Just before Saturday’s so-called constitutional referendum vote in occupied Iraq, one of my close friends in Baghdad wrote me, “I would like to point out that we are three days away from the referendum, yet very large sectors of Iraqi people couldn’t receive part of the five million copies [of the constitution] from the UN, ie- they will not know what the constitution contains. Subsequently, they will vote according to their backgrounds or religious or political preferences. Many people who will vote yes do not know why they will vote yes…what kind of vote is this?”
The vote had many similarities to the farce which took place on January 30-aside from a repeat of the draconian measures to provide security and quite a large dose of propaganda; we once again have what already appears to be rampant election fraud.
Figures provided by several governorates have required Iraq’s independent electoral commission (IEC) to order (under heavy Sunni political pressure) “re-examination, comparison and verification because they [voter turnout figures] are relatively high compared with international averages for elections” of this kind; according to a statement made by the IEC on Monday.
This occurred rather inconveniently after US Secretary of State Condoleezza Rice’s nearly instantaneous belief that the constitution “has probably been passed.”
I have little doubt that the constitution will still be passed, despite what the IEC referred to in findings showing “that figures from most provinces were too high,” referencing voter turnout. Not surprisingly, a source close to the commission stated, “The problems are not in Sunni Arab zones,” as reported by Al-Jazeera.
Huge discrepancies are already reported in the Nineveh governorate, which includes Mosul, showing that while sources close to the IEC were quoted saying that 55% of the voters there voted against the constitution, Abd al-Razaq al-Jiburi, the secretary general of the Iraqi Independent Front said, “I have been informed by an employee of the electoral high commission in Mosul that the voting for the constitution has been ‘no.’”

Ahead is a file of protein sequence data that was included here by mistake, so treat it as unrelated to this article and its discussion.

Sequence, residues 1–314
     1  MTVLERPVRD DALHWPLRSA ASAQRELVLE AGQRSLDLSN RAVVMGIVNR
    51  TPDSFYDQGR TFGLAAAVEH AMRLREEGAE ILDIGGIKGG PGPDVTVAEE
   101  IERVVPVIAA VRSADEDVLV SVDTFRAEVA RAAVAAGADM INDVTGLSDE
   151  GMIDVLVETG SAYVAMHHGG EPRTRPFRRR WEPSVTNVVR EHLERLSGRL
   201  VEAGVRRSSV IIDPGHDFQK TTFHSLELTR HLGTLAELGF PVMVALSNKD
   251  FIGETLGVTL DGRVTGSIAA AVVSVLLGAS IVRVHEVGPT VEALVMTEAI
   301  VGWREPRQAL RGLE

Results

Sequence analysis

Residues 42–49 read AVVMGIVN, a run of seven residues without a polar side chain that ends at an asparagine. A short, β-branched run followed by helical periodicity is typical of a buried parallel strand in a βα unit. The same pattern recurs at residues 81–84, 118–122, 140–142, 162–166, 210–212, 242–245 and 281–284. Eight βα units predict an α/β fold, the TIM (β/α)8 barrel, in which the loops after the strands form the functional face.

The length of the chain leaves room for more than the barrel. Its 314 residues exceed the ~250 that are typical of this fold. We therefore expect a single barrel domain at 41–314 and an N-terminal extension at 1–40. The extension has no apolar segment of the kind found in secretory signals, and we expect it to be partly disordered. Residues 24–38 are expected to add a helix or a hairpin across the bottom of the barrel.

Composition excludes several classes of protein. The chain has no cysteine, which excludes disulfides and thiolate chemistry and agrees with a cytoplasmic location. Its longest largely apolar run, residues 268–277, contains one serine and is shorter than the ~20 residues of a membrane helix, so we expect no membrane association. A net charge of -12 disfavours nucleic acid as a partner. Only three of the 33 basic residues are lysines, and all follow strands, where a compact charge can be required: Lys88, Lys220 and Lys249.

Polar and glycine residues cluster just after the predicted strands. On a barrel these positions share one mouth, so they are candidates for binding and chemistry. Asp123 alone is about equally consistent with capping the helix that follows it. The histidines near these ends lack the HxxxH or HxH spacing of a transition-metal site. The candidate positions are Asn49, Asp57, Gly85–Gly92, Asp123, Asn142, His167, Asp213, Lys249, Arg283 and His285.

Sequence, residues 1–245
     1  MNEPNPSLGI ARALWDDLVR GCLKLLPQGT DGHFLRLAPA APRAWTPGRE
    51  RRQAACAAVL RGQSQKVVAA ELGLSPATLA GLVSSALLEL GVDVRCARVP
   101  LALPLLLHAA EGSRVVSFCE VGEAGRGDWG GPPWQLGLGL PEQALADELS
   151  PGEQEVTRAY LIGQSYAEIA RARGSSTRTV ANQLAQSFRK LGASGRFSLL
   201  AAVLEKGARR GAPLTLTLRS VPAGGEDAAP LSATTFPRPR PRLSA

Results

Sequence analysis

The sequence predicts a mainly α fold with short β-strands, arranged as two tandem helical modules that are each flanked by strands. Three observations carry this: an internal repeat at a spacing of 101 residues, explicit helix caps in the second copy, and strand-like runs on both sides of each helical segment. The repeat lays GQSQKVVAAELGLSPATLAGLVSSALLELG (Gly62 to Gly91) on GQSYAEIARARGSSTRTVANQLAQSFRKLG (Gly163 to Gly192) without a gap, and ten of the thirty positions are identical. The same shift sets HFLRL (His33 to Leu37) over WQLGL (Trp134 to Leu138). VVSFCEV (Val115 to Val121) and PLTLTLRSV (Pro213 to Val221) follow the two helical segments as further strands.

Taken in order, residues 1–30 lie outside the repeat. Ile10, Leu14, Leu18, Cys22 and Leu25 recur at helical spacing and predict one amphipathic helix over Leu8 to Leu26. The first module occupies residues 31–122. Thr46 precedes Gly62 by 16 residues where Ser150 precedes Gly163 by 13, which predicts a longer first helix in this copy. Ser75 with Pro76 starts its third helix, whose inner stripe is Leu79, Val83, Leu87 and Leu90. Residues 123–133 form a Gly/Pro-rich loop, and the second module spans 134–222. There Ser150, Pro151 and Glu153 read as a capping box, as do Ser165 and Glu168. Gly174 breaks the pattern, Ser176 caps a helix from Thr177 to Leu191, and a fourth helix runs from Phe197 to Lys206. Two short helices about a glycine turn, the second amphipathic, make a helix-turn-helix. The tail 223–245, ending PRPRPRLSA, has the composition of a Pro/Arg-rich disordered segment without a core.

He went on to add that his sources within the IEC said the “no” vote in Nineveh ranged between 75-80%. This is a critical governorate vote, with Diyala and Salahedin governorates already appearing to have decisively rejected the constitution, despite US military repression with ongoing operations there, as well as in other predominantly Sunni governorates.
Keep in mind that the draft constitution can be rejected by a 2/3 “no” vote occurring in three governorates.
How many people in the US will actually understand what is happening in Iraq regarding this referendum vote? Most likely not many when we consider the ongoing machinations occurring in US mainstream media outlets. One of my friends in Baghdad who is working by gathering information for one of these sources wrote me recently, “By the way, I asked them to omit my name as a contributor to their articles because the journalists they have writing them are not accurately reporting the views of Iraqis on the ground.”
He concluded his email with, “Everybody from the family is good. Life goes on as usual between the explosions. It is God who saves us.”